The quagmire of the Middle East appeared to engulf the first season of “Tyrant,” an FX drama that dropped an expatriate and his absurdly dense American family into the turmoil of his fictional native country. The new episodes, however, reflect a fairly impressive turnaround, significantly diminishing, if not wholly expunging, much of the stupidity, while echoing real-life events in provocative ways. Still not a great show, this project from Gideon Raff and Howard Gordon suddenly exhibits the potential to become a fairly entertaining one, with the disclaimer that the terrain still contains an abundance of storytelling sand traps.
Lest anyone forget the events of season one, pediatrician Barry Al-Fayeed (Adam Rayner) returned to his birthplace of Abbudin for a family wedding, bringing along his wife (Jennifer Finnegan) and two clueless children (Noah Silver, Anne Winters), who were apparently raised without the benefit of books or cable news. When Barry’s father, the country’s ruling strongman, unexpectedly died, the prodigal son uncomfortably found himself trying to talk sense into his hotheaded brother, Jamal (Ashraf Barhom), eventually leading a thwarted coup against him.
Season two opens several months later, with Barry in prison and Jamal dawdling about carrying out a death sentence against him. Barry’s family frets, and Jamal’s wife (Moran Atias) and advisors urge him to act. It gives away little to say that the producers find a not-unpredictable way of keeping the narrative alive, while delving into a very Syria-like subplot involving rebels working to undermine Jamal, and the question of how far he’ll go to neutralize them. That includes the troubled leader trying to swing a major deal with China, to whom he dismisses the insurgents as “a few troublemakers.”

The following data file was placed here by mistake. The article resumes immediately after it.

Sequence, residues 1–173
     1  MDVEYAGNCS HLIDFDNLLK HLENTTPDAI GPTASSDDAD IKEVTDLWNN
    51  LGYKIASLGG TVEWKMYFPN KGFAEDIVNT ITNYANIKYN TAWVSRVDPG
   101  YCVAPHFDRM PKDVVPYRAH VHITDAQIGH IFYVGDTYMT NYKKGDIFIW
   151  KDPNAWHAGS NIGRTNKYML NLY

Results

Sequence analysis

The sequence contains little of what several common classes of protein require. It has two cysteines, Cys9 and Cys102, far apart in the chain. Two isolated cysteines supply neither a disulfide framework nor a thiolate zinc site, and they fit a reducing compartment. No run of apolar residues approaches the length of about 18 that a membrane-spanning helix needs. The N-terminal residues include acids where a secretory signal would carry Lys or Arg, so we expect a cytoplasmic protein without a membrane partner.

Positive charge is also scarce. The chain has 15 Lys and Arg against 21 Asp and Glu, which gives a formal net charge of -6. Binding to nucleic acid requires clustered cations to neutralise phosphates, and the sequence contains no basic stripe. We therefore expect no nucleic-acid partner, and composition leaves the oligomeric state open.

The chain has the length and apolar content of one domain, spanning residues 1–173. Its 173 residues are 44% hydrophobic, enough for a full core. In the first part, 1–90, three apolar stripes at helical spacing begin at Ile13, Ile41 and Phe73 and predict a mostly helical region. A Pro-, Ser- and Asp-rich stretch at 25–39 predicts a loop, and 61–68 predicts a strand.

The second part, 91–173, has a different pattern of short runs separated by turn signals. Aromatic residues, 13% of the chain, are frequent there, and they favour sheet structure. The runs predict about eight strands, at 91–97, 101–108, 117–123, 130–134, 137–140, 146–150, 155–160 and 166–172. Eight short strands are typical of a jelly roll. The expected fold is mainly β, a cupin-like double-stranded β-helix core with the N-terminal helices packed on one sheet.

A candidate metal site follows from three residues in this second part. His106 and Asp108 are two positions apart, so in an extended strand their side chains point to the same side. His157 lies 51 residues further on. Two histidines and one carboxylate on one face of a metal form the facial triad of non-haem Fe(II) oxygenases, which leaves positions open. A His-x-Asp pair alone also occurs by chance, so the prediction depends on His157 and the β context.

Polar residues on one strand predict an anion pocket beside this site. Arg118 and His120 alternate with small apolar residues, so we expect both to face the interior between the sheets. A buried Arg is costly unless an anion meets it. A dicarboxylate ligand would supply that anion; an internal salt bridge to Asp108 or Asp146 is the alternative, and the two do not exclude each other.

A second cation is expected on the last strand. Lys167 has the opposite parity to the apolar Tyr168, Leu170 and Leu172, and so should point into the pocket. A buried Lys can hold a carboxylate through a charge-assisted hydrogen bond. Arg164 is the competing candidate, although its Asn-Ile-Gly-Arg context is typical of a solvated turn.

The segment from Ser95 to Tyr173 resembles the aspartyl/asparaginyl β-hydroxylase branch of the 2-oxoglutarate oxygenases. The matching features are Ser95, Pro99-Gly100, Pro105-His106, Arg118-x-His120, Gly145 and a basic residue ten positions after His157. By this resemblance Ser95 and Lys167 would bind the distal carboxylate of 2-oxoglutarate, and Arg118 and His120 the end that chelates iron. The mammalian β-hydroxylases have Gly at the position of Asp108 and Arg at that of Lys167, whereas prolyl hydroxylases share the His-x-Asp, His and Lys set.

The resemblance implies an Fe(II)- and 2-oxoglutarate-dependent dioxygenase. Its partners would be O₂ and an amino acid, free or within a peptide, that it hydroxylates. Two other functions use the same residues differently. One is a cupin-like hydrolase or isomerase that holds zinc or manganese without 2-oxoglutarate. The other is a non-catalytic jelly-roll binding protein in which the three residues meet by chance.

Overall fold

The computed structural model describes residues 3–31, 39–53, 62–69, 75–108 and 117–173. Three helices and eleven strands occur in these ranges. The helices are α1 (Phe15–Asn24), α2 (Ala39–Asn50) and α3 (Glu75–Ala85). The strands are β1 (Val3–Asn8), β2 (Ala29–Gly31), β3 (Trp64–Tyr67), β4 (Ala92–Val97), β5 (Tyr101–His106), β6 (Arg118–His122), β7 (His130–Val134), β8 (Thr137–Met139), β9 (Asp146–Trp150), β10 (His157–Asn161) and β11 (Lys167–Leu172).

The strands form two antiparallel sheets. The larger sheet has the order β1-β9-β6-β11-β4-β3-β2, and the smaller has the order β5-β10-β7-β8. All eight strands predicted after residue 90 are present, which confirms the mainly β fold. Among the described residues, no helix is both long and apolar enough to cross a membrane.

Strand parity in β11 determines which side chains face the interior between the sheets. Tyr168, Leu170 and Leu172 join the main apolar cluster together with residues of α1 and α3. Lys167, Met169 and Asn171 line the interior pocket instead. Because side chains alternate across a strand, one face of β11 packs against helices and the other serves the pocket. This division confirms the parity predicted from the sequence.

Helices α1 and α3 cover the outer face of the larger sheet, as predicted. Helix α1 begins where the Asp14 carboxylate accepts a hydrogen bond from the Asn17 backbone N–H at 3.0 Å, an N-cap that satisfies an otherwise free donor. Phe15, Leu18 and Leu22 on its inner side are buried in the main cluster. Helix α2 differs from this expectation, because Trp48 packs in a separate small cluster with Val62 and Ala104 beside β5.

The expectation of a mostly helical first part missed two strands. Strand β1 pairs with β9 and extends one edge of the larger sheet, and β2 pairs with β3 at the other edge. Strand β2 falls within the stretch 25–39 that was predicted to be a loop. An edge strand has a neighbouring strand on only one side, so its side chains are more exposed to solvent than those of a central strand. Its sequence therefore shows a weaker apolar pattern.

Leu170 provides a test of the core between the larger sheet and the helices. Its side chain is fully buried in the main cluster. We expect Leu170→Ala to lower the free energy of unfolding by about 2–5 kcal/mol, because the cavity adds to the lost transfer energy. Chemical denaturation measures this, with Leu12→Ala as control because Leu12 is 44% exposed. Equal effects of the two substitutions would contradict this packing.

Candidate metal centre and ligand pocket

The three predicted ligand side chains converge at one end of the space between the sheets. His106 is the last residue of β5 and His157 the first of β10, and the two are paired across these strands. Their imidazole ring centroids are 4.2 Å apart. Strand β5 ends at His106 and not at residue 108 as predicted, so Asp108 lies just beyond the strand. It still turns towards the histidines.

After receiving some legitimate criticism for the show’s depiction of the Arab world, “Tyrant” finds more nuance in these episodes, as well as some pretty overt biblical overtones in Barry’s emotional arc. And while the character remains a rather tepid protagonist, his role in driving the story is mitigated by the unfolding events in Abbudin, which has become a surrogate for familiar problems among oppressive Middle East regimes that the U.S. has frequently found itself supporting, mostly due to fear of the alternative.
By the fourth episode, moreover, the series has incorporated several new elements that bring an almost soapy quality to the proceedings — although the “Dynasty,” in this case, is of a more literal variety. Fortunately, the uneasy crown sits on the head of Barhom, who wears the mix of frustration and ruthlessness particularly well.
Granted, the region’s history is too tortured to be done justice in the context of a TV drama, even one that’s in fictionalized form and that capitalizes on all the creative latitude FX provides. But after some of the groan-inducing moments elicited as Barry and his brood naively slipped further and further into events so clearly beyond them last year, this season the series has at least found a path forward lighted by several much-needed oases of logic.